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The Wolfsonian–FIU, Purchase, The Mitchell Wolfson, Sr. Foundation

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The Wolfsonian–FIU, Gift of Charles L. Marshall, Jr. and Richard L. Tooke

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The Wolfsonian–FIU, Gift of Vicki Gold Levi

The association of the railroads with American Indians proved so popular that the Santa Fe company even used these same motifs in murals adorning their ticket offices, in metal ornamental sculptures for the walls of their dining cars, and even for the upholstery used on the railway car seats.

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Corn Dance, mural by William Penhallow Henderson, from the Atchison, Topeka & Santa Fe Railroad Ticket Office, in Santa Fe, New Mexico, The Wolfsonian–FIU, The Mitchell Wolfson, Jr. Collection

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Hopi Kachina doll-inspired sculptures designed by Paul Cret as wall ornaments for the Santa Fe dining car, The Wolfsonian–FIU, The Mitchell Wolfson, Jr. Collection

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The Wolfsonian–FIU, The Mitchell Wolfson, Jr. Collection

Visit by Mandela Washington Fellows

•July 8, 2017 • Leave a Comment

One week ago, more than a dozen young participants in the Mandela Washington Fellowship for Young African Leaders hosted by Florida International University during their visit to South Florida came to The Wolfsonian.

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After taking them on a guided tour of the galleries, I brought them into the museum’s rare book and special collections library to peruse a display of some materials related to sub-Saharan Africa.

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Given that The Wolfsonian’s collection is focused primarily on the period 1850 to 1950, much of what we have related to the peoples of sub-Saharan Africa derives from a colonialist context. There is, for example, a wealth of material documenting various colonial enterprises and imperial conflicts; propaganda produced for colonial expositions; and advertising brochures using representations of welcoming natives to convince European tourists to visit their colonies in Africa. From a number of these works, however, we were able to tease out some glimpses into the lives of the indigenous peoples of the African continent.

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The Wolfsonian–FIU, Mitchell Wolfson, Jr. Collection

Some of the materials pulled from the library stacks included original sketchbooks, journals, and unique photograph albums created by European troops stationed in the African colonies. While many of the photographs and written records focused on the soldiers and their mission, some of the authors showed an interest in the lives of the colonial troops and the material culture of the native peoples.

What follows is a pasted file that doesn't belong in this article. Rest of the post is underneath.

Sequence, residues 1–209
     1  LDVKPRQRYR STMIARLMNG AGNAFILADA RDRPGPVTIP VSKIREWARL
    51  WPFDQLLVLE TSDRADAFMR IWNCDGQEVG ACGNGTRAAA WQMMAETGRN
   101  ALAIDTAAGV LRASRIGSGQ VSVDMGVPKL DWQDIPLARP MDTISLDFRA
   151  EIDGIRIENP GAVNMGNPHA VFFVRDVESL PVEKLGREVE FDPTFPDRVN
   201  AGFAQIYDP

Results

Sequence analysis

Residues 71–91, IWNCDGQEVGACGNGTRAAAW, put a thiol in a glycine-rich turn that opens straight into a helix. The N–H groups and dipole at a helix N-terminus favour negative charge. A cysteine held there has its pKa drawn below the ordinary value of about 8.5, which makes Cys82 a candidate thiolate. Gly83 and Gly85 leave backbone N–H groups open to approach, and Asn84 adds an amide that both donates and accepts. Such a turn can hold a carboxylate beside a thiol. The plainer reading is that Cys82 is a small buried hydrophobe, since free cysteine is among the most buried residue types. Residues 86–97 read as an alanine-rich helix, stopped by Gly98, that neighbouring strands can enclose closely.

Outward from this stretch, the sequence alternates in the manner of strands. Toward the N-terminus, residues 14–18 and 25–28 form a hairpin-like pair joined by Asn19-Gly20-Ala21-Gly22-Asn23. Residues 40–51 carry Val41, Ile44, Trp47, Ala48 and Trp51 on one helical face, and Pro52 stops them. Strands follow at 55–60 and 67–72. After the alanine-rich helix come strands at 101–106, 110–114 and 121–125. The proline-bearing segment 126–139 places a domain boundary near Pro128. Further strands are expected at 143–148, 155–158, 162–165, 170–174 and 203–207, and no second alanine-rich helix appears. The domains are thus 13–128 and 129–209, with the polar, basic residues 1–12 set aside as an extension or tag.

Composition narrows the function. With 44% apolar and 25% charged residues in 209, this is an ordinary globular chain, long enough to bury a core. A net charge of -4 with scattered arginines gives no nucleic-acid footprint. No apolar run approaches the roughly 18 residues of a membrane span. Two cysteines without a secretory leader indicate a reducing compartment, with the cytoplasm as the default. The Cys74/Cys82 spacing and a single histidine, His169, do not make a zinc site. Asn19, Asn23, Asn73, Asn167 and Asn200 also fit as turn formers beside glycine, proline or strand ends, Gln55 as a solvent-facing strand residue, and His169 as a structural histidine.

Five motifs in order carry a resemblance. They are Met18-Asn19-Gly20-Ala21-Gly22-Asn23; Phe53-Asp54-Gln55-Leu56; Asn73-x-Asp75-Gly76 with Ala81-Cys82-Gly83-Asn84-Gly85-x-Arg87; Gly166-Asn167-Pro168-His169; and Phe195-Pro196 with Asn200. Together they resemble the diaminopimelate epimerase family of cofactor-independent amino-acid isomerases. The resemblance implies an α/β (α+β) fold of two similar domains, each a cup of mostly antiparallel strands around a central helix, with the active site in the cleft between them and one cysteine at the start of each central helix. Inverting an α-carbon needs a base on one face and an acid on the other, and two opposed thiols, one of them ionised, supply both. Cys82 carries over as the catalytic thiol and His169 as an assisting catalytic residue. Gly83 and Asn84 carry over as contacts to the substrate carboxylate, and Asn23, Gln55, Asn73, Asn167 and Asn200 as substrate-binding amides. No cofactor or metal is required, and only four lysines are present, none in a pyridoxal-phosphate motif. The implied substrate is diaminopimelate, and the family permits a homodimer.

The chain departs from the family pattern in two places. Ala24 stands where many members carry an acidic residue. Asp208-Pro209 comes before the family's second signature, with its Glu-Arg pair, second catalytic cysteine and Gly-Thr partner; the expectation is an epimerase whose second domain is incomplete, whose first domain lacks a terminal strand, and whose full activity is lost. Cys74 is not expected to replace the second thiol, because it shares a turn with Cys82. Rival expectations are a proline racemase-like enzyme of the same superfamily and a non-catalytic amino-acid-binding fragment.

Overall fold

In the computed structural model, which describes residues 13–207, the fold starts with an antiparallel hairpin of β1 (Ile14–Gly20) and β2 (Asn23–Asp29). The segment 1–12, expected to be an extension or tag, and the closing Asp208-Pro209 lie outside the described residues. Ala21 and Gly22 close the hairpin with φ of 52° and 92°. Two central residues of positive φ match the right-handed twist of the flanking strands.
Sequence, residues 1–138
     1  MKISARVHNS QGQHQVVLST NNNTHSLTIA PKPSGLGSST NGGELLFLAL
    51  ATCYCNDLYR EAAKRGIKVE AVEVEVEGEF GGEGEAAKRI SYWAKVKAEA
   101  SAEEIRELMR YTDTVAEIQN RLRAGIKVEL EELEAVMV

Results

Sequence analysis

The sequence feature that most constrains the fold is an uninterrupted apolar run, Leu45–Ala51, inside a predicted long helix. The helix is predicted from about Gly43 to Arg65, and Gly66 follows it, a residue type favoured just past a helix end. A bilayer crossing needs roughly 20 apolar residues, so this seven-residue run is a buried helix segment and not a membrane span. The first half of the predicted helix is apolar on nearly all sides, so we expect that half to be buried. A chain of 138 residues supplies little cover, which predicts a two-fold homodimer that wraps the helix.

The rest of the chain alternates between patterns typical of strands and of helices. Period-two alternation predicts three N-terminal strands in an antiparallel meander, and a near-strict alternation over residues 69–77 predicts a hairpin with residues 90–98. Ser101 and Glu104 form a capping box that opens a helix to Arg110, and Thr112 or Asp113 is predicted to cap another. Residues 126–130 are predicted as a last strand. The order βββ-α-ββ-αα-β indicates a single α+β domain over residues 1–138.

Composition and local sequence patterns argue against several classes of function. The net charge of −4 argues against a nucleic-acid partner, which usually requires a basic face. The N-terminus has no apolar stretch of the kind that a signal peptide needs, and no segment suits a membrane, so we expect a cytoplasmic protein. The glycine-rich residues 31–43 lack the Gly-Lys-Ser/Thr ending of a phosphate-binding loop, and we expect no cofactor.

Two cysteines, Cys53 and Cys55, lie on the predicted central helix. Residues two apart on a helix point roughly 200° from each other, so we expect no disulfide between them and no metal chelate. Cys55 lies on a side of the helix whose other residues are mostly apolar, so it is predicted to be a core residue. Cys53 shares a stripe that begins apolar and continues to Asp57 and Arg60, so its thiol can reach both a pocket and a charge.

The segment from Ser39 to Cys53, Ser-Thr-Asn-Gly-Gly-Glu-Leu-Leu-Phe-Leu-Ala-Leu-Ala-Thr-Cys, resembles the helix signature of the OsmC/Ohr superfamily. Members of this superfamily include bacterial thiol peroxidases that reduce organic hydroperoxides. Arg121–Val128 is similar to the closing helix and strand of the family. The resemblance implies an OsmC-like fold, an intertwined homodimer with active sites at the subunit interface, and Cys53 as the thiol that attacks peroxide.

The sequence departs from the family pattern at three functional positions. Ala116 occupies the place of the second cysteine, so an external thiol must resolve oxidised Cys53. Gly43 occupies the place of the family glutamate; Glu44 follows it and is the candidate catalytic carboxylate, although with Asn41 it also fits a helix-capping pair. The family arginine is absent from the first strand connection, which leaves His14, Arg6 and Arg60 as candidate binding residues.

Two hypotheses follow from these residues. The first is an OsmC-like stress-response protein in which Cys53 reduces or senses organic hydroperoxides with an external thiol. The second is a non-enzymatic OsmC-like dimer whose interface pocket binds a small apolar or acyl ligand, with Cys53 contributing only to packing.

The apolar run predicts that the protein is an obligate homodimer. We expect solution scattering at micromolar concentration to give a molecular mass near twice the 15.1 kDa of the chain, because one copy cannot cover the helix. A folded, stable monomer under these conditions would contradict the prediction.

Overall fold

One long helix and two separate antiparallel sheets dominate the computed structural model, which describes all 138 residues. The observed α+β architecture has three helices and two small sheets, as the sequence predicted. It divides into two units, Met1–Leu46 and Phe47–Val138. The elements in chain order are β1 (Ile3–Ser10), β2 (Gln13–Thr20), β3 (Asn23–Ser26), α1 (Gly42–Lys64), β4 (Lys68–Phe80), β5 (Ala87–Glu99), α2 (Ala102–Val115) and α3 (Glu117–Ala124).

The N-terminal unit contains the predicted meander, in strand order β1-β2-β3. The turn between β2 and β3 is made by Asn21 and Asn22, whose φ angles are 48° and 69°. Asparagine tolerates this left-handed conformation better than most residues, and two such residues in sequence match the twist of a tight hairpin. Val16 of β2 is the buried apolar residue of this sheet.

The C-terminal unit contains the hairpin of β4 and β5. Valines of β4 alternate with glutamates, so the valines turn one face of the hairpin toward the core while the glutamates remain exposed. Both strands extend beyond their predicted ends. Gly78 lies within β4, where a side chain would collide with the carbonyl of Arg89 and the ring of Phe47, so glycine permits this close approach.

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Original sketch of Somaliland by C.H.P., illustrator for the London Graphic, 1887

The Wolfsonian–FIU, Jean S. and Frederic A. Sharf Collection

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Photograph album of British Army soldier, C.M.E. Wilson, South Africa, 1900-1901

The Wolfsonian–FIU, Jean S. and Frederic A. Sharf Collection

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Original sketches of African and German soldiers from Helden in Afrika, 1901

The Wolfsonian–FIU, Jean S. and Frederic A. Sharf Collection

Propaganda glorifying the Italian Fascist government’s invasion and attempted colonization of East African are well documented in the collection, and some recently catalogued materials sparked the interest of one of the visitors hailing from Ethiopia.

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The Wolfsonian–FIU, Purchases

One rather naïvely optimistic postcard illustrated by Aurelio Bertiglia imagined a kneeling Ethiopian child watching Italian children in colonial uniform painting a map of Ethiopia in the colors of the Italian flag!

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The Wolfsonian–FIU, Gift of Steve Heller

In addition to stereotypical depictions of subservient Ethiopians, a recently digitized Italian portfolio includes surprisingly culturally sensitive and positive representations of some indigenous individuals.

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 The Wolfsonian–FIU, Purchase

The Mandela Washington fellows also had the opportunity to see how African natives and cultures were presented—and sometimes misrepresented—in architecture, publications, and other printed ephemeral formats produced for colonial exhibitions, or to promote colonial foods and products.

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The Wolfsonian–FIU, Mitchell Wolfson, Jr. Collection

The Portuguese published a number of colonial exposition catalogs showing off their “little” empire with illustrations of the peoples inhabiting their colonial possessions in Africa.

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The Wolfsonian–FIU, Mitchell Wolfson, Jr. Collection

Similarly, the tiny country of Belgium projected its own importance on the world stage by producing collecting cards representing its huge colony in the heart of Africa.

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The Wolfsonian–FIU, Gifts of Francis Xavier Luca

The Wolfsonian–FIU Library also holds tens of thousands of printed promotional materials documenting the rise of colonial tourism and the cruise-ship industry. Steamship companies used brochures and illustrated menu covers to excite interest in the African colonies and their “exotic” inhabitants.